DR Congo: Violence, Distrust And The Stalling Fight Against Ebola
Statistics of casualties arising from Ebola epidemic in the Democratic Republic of Congo are startling. Africa’s failure to overcome the outbreak so far has seen it evolve into the second-deadliest in recorded history, trailing an epidemic between 2013-2016 that killed about 11,300 people in West Africa as it surged through Guinea, Sierra Leone and Liberia.
On Saturday, DR Congo’s health ministry made a shocking revelation that the death toll from Ebola outbreak in the country has surpassed 1,000- a disclosure that showed the country’s fight against the epidemic, has largely been unsuccessful.
The recent records are unarguably indication of the DRC’s worsening health conditions, given the country is also suffering from an outbreak of measles which has killed more than 1,000 people, with 50,000 cases reported. WHO staff have confirmed measles in 14 of the country’s 26 provinces, in both rural and urban areas.
The WHO has quashed claims of a global spread of the epidemic. It nonetheless, said that the possibility of cases spreading to neighboring countries are high- a development that has generated a fear-enveloped atmosphere.
While this is not the first time the country would witness Ebola outbreak. Statistics show the recent outbreak, which started in August last year, is the tenth in DR Congo. However, the recent outbreak has appeared more sophisticated and complex affecting a larger population.
As it stands, DRC’s chances of winning the battle against Ebola are slim, given the widespread distrust and attacks on health workers in the tumultuous eastern part of the country.
While addressing journalists in Geneva, Switzerland, World Health Organization’s Deputy Director, Dr. Michael Ryan recently announced that mistrust and violence was harming efforts to tackle the disease as it spread through the east of the country. “We still face major issues of community acceptance and trust,” he said.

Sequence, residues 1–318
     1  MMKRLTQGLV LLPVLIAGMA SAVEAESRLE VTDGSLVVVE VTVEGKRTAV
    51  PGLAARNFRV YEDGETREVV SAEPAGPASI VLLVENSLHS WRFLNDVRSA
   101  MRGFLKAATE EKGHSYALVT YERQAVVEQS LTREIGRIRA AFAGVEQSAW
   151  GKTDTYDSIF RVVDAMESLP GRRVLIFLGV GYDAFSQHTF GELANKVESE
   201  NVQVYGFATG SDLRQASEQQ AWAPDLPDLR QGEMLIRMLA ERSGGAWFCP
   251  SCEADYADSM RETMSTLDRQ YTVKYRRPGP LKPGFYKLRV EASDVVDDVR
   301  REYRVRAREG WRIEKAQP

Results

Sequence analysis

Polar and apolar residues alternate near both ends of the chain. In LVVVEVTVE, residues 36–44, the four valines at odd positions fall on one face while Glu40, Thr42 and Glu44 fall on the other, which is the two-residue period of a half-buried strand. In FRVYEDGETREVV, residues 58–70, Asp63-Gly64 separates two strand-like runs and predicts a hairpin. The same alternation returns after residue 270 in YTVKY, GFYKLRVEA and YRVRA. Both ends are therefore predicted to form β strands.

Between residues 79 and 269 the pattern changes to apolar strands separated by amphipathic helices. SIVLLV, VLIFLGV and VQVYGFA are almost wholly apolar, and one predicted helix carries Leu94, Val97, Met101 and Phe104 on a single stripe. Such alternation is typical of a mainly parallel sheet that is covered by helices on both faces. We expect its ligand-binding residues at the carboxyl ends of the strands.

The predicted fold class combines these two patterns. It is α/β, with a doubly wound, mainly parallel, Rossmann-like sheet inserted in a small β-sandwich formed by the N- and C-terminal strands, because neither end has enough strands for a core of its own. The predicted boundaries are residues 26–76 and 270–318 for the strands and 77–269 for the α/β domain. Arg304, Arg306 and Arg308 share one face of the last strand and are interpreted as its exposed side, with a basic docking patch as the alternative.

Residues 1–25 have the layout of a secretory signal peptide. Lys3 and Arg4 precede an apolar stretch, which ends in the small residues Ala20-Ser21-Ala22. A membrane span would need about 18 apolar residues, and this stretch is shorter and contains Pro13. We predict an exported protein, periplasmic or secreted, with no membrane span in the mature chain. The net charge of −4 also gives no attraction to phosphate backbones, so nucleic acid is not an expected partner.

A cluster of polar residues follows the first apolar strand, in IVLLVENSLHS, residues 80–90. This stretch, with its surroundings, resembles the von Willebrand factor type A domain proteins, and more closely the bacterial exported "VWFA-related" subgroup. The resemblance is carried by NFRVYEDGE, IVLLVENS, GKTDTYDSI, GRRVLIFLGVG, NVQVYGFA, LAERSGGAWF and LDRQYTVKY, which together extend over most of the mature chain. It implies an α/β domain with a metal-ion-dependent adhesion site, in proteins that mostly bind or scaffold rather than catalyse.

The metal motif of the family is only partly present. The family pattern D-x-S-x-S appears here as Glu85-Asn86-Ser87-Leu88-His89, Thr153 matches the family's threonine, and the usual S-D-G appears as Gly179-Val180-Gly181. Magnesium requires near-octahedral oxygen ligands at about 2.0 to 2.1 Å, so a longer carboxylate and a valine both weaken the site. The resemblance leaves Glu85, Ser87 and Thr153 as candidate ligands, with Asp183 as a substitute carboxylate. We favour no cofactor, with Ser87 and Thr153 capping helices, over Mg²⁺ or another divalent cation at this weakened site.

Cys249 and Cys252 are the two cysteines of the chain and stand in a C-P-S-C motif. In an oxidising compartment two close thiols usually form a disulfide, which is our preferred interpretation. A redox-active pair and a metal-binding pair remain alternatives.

There have been 119 documented attacks on medical centres and staff since January, according to Dr. Ryan, adding that WHO staff anticipated “continued intense transmission”.
Christoph Vogel, a former UN expert on the DRC and a researcher with the UK-based London School of Economics’ Conflict Research Programme, said there were a “host of different factors” complicating the medical response and warned the recent attacks showed the climate on the ground was “extremely poisoned”.
“It (the outbreak) is happening in an area that has witnessed entrenched armed conflict, massive violence and all sorts of distrust between different actors, communities and elites; this is probably the central factor that makes the outbreak so hard to tackle compared to other ones,” Vogel told Al Jazeera.
Health ministry spokeswoman Jessica Ilunga said the surge in cases was the result of attacks on health workers and treatment centres disrupting “response activities” in recent weeks.
“Security has been a big issue, and every time we have an incident, essential response activities such as contact tracing, vaccination, and safe burials are suspended for an indefinite period of time, giving time and space for the virus to spread,” Ilunga told Al Jazeera.
“The majority of violence against the medical response is community violence, for instance when Ebola responders go to family homes because they have been alerted someone has died … but when responders arrive some people chase them away,” Ilunga said.
“But the attacks on the Ebola treatment centres are more coordinated, by some kind of organised armed groups,” she added. “It is worrying, especially because the future of the outbreak depends on factors outside of our, the Ministry of Health’s control.”